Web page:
When we are making our choices, how do we determine, how do we discern what has authority for guiding our lives? Fletcher made readers of his book think. It is one thing to make visible our values when most conditions in life are routine and quite another when we are faced with a series of life’s cross-currents when other variables shatter those routines.
In our lesson, Jesus used the illustration of a wise man that built his house on rock and the foolish man that built his house on a foundation of sand. When extreme weather conditions settled in on both houses, one stood and the other collapsed.
Our lesson helps us determine why Jesus’ teachings have authority over our lives. His words came at the end of the Sermon on the Mount. Throughout chapters 5, 6, and 7, Jesus described the results that come to those people who choose to follow his instruction.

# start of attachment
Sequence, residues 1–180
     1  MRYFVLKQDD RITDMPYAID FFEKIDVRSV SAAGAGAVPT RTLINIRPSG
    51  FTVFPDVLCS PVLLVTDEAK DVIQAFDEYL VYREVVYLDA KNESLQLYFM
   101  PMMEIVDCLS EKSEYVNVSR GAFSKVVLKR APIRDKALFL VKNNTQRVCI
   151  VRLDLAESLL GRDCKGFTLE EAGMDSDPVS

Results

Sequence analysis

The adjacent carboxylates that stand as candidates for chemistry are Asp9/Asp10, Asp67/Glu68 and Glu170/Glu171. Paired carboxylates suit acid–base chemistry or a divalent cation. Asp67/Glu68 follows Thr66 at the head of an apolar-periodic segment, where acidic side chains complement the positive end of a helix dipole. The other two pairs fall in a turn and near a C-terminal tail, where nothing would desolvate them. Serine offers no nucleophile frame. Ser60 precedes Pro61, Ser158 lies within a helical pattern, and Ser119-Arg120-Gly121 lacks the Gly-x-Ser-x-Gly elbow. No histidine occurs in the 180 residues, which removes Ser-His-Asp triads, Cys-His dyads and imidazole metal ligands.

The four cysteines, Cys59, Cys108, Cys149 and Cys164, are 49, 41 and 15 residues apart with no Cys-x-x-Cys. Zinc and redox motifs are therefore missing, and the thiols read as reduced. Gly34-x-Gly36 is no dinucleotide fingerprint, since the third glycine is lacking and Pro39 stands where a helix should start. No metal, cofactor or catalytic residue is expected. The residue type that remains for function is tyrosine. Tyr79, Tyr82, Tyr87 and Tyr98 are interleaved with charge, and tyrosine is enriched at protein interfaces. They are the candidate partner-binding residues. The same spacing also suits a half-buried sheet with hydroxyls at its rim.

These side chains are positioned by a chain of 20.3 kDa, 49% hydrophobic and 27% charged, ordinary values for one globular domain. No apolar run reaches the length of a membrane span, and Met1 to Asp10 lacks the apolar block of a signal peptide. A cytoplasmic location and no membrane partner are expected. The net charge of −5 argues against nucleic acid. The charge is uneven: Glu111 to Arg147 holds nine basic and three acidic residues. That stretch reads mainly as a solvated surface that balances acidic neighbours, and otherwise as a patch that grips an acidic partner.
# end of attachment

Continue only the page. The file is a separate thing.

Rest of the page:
Frequently Jesus set aside the Jewish law when he said, “You have heard it said, but now I tell you a greater truth. An eye for an eye and a tooth for a tooth must give way to being at peace when someone offends you.” (7:39) “Love your friends and hate your enemies must give way to loving your enemies.” (7:43-44) “When you give something to a needy person, do not make a show of it.” (6:2) “Your heart will always be where your treasures are.” (6:21) “God will judge you in the same manner you judge others.” (7:2) “Do for others what you want them to do for you: this is the meaning of the Law of Moses and the teachings of the prophets.” (7:12)